Parameters in the photosynthesis-irradiance (P-E) relationship of phytoplankton were measured at weekly to bi-weekly intervals for 20 yr at 6 stations on the Rhode River, Maryland (USA). Variability in the light-saturated photosynthetic rate, PBmax, was partitioned into interannual, seasonal, and spatial components. The seasonal component of the variance was greatest, followed by interannual and then spatial. Physiological models of PBmax based on balanced growth or photoacclimation predicted the overall mean and most of the range, but not individual observations, and failed to capture important features of the seasonal and interannual variability. PBmax correlated most strongly with temperature and the concentration of dissolved inorganic carbon (IC), with lesser correlations with chlorophyll a, diffuse attenuation coefficient, and a principal component of the species composition. In statistical models, temperature and IC correlated best with the seasonal pattern, but temperature peaked in late July, out of phase with PBmax, which peaked in September, coincident with the maximum in monthly averaged IC concentration. In contrast with the seasonal pattern, temperature did not contribute to interannual variation, which instead was governed by IC and the additional lesser correlates. Spatial variation was relatively weak and uncorrelated with ancillary measurements. The results demonstrate that both the overall distribution of PBmax and its relationship with environmental correlates may vary from year to year. Coefficients in empirical statistical models became stable after including 7 to 10 yr of data. The main correlates of PBmax are amenable to automated monitoring, so that future estimates of primary production might be made without labor-intensive incubations.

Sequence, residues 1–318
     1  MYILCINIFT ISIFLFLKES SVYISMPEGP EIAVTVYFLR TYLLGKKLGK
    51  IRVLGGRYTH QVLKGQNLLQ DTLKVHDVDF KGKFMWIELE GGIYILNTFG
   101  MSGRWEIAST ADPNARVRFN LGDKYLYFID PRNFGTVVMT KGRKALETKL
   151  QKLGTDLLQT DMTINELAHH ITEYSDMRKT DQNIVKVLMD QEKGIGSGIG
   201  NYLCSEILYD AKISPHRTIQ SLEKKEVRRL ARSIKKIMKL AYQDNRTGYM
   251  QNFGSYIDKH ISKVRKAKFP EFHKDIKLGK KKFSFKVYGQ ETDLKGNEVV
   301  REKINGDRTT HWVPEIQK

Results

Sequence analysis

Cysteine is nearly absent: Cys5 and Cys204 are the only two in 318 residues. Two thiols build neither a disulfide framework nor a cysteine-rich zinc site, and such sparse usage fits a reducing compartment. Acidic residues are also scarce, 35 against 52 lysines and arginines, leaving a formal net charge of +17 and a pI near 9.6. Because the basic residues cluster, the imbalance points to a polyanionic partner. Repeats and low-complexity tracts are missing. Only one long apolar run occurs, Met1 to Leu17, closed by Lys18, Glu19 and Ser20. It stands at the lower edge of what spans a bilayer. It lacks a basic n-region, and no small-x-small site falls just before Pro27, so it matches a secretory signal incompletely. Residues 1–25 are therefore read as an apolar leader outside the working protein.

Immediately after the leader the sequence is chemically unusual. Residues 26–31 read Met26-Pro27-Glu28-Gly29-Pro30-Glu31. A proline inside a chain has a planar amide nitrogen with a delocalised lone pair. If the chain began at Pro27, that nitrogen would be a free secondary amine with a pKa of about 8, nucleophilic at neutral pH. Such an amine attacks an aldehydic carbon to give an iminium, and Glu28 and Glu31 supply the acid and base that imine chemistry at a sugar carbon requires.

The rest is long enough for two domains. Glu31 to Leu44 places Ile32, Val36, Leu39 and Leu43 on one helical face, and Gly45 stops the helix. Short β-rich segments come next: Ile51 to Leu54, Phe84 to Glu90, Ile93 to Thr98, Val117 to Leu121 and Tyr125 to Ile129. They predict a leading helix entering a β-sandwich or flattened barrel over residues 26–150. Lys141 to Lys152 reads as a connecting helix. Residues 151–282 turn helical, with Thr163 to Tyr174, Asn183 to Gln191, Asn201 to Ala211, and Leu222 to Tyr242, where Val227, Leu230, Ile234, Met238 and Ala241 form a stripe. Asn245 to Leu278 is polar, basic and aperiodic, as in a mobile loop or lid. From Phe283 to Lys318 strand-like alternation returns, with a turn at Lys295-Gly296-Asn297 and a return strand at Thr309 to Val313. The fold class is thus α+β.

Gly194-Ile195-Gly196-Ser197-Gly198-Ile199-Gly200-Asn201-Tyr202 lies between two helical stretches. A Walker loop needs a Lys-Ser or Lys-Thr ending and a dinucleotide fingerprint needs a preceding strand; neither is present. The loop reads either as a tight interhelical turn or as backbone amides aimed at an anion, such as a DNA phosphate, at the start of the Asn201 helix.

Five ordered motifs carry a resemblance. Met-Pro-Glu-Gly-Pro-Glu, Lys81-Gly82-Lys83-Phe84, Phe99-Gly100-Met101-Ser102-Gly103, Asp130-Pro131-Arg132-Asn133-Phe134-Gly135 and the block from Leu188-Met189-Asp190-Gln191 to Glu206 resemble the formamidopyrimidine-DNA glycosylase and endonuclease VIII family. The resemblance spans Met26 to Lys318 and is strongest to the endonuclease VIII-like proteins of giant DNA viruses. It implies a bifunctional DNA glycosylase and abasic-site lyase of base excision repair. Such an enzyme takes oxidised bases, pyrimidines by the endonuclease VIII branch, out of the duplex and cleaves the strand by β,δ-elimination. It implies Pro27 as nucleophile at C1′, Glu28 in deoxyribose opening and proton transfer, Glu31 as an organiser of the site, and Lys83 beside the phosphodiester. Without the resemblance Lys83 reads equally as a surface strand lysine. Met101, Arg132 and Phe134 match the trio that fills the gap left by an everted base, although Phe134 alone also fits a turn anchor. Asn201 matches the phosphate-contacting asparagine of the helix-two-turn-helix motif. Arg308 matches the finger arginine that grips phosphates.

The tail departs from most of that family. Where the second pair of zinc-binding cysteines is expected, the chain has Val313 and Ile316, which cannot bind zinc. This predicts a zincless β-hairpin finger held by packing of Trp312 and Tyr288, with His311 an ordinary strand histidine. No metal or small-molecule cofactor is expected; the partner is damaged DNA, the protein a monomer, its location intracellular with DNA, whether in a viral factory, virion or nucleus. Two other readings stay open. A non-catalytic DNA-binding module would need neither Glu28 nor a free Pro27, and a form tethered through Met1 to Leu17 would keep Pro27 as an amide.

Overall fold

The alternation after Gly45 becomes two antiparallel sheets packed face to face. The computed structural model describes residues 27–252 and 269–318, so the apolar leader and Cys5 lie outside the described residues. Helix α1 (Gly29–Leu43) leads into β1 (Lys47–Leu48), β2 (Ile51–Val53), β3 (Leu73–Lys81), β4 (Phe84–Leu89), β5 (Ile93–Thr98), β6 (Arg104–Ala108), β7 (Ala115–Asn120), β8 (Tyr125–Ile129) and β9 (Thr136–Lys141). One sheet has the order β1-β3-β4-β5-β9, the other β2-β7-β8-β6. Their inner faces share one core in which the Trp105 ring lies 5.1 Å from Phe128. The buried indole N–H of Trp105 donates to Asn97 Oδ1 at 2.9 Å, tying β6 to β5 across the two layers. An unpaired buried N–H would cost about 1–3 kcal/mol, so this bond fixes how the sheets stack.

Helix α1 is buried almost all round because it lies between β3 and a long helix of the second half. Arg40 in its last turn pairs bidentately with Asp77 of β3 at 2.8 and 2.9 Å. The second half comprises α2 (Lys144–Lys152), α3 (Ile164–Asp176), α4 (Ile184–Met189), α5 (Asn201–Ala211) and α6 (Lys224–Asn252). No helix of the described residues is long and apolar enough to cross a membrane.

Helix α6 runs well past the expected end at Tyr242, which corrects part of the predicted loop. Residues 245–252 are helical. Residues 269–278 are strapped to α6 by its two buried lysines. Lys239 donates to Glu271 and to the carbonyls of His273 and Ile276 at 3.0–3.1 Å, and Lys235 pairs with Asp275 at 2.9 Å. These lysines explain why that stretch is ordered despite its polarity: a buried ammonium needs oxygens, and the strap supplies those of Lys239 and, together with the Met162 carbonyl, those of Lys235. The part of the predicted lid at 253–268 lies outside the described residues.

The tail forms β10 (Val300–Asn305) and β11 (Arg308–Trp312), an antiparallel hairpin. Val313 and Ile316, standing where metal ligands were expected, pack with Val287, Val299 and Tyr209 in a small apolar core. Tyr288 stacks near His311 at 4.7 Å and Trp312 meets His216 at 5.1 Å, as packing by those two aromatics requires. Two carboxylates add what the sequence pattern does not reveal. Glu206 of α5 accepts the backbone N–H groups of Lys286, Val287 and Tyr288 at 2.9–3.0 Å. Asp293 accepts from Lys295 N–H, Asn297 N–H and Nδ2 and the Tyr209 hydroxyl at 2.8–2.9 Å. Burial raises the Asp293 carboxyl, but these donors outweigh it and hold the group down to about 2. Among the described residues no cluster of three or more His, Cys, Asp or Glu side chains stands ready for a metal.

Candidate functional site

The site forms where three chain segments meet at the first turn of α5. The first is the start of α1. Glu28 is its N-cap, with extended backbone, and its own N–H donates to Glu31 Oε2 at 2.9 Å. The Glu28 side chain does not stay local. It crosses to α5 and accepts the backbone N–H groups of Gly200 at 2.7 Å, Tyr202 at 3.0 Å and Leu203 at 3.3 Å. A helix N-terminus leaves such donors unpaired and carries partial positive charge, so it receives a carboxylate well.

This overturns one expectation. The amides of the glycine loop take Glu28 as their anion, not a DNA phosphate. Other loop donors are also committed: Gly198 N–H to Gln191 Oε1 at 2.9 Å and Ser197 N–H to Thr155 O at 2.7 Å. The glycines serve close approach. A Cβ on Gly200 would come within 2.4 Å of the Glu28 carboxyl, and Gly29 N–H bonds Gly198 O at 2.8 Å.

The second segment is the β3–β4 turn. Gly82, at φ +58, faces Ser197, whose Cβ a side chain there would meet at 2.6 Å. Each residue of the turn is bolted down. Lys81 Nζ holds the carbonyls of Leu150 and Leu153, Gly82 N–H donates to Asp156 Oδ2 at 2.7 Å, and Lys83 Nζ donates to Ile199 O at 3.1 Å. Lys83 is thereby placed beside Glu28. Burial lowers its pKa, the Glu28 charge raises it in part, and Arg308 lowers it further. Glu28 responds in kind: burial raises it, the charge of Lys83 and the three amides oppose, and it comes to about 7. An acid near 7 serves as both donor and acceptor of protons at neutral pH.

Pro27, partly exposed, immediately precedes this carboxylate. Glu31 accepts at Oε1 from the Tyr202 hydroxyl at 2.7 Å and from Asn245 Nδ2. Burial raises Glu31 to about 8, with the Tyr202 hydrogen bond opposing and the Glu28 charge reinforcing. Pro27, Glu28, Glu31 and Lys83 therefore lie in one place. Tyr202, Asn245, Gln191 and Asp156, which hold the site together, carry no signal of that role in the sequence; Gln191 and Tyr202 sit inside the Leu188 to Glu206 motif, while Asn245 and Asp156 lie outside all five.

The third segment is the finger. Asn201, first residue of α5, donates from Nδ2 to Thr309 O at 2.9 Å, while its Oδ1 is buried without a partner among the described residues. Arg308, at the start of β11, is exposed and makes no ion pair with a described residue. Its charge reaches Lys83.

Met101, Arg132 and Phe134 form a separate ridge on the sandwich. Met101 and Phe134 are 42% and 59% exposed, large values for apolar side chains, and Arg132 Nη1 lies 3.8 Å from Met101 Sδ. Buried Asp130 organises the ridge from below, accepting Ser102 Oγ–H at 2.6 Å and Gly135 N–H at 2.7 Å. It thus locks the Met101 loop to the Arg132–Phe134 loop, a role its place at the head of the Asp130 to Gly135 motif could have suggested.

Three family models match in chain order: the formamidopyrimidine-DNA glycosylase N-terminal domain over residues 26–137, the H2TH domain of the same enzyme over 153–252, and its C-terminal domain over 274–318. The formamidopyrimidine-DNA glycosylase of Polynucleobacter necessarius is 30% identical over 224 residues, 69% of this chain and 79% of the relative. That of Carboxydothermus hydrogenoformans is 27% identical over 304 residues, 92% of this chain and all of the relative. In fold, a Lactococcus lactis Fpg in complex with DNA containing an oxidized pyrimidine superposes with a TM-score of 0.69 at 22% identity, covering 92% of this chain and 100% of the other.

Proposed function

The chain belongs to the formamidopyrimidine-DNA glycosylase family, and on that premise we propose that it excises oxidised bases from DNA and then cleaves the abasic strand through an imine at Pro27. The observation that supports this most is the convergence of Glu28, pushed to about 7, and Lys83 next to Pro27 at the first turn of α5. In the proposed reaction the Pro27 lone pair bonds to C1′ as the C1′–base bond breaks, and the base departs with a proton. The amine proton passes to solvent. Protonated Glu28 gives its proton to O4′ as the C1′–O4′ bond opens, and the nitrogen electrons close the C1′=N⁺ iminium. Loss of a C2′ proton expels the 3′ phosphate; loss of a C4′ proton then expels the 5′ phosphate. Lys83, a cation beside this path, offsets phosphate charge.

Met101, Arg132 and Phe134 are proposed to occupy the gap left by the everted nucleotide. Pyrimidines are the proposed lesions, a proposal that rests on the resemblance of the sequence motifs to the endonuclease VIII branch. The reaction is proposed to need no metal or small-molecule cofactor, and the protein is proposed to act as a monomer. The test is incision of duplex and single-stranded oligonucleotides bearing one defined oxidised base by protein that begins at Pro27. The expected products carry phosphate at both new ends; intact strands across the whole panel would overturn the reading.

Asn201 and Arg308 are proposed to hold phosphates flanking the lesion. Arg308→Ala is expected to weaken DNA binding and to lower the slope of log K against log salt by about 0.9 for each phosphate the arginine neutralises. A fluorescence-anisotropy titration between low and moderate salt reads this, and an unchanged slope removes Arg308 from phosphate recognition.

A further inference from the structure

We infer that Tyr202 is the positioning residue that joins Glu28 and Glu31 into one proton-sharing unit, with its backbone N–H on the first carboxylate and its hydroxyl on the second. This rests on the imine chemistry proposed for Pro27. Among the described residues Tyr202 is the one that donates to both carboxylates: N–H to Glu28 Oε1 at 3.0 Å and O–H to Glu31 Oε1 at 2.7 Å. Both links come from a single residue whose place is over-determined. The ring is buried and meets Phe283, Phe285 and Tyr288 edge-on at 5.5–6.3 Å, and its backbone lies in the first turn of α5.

Methods: Water Sampling: Samples for depth-averaged chlorophyll concentration were collected by slowly lowering and raising a Labline Teflon sampler in less time than required to fill. Samples for P-E parameters, discrete chlorophyll a, and species composition were collected by filling the sampler at the Secchi depth. In the journal article, stations are referenced by their approximate distance from the mouth: Station 1, -1.4 km; Station 2, 0.0 km; Station 3, 2.0 km; Station 4, 3.8 km; Station 5, 4.3 km; Station 6, 5.2 km; Station 7, not referenced. Mean total water depths at the stations were: Station 1, 4 m; Station 2, 3.5 m; Station 3, 3 m; Station 4, 1.94 m; Station 5, 1 m; Station 6, 1 m; Station 7, 0.7 m.Phytoplankton P-E parameters: Phytoplankton photosynthesis was measured as 14C uptake using the small volume 'photosynthetron' method of Lewis & Smith (1983, doi:10.3354/meps013099). A 50 ml subsample was inoculated with 0.5 to 2.5 µCi ml-1 NaH14C, depending on phytoplankton biomass. Subsamples of 1 ml were dispensed into 24 lighted and 2 dark 7-ml glass scintillation vials, which were placed in an aluminum block drilled with holes for lighting from below. Samples from 3 stations at a time were incubated for 1 h at a range of light intensities supplied by a Westinghouse 400 W metal halide lamp. Incubations were terminated by the addition of 250 µl of 1 N HCl and shaking 1 h to drive of unincorporated 14C. Rates of 14C fixation were calculated by the equations of Strickland & Parsons (1972, http://www.dfo-mpo.gc.ca/Library/1507.pdf), using an isotope discrimination factor of 1.06. Various instruments were used to measure the concentration of dissolved inorganic carbon (DIC): a Shimadzu TOC5000 (1990-1997); a Capni-Con 5 Total CO2 Analyzer (Cameron Instruments, Port Aransas, Texas USA) (1998-2006); and a Li-Cor 7000 (Li-Cor, Lincoln, Nebraska USA) (2007-2009). Instruments were calibrated to known solutions before each cruise. DIC concentrations were determined by titration (Strickland & Parsons, 1972, http://www.dfo-mpo.gc.ca/Library/1507.pdf) whenever instruments were being repaired.Chlorophyll a: Samples for chlorophyll a analyses were filtered onto Whatman GF/F glass fiber filters immediately upon returning to the laboratory. Filters were extracted in 10 ml of 90% acetone either immediately or after freezing for <2 weeks. Extracted chlorophyll was estimated spectrophotometrically using the wavelengths and equations given by Jeffrey & Humphrey (1975).Calculation of P-E parameters: In the absence of photoinhibition, the P-E relationship was represented by the hyperbolic tangent equation (Jassby & Platt, 1976) where PB is the 14C photosynthesis rate normalized to Chlorophyll a, E is the photon flux density measured in the incubation vial, PBmax is the maximal photosynthesis rate at light saturation, alpha-B is the slope of the linear portion of the P-E relationship at low light intensities, and the intercept, Rb, is allowed to be positive or negative to avoid bias in the calculation of alpha-B. This is designated as Model No. 1. When photoinhibition was observed I used the three-parameter equation of Platt et al. 1980, where PSB controls the vertical scaling, and beta-B controls the magnitude of photoinhibition. This is designated as Model No. 2. When using the photoinhibition equation, the light saturated rate of photosynthesis is calculated as given in Platt et al. 1980. Parameters were estimated by minimization of squared residuals using the Solver routine in Microsoft Excel, except in 2007 when, due to funding limitations, PBmax was estimated from measurements of 14C uptake in 5 vials incubated at light intensities previously found to be light-saturating. Approximate standard deviations of the parameters were calculated from the diagonal elements of the first term of a Taylor's series expansion of the error propagation for the selected model (Bevington, 1969). Typical magnitudes for the coefficients of variation of the parameters were 10% for PBmax 20% for alpha-B and 100% for Rb.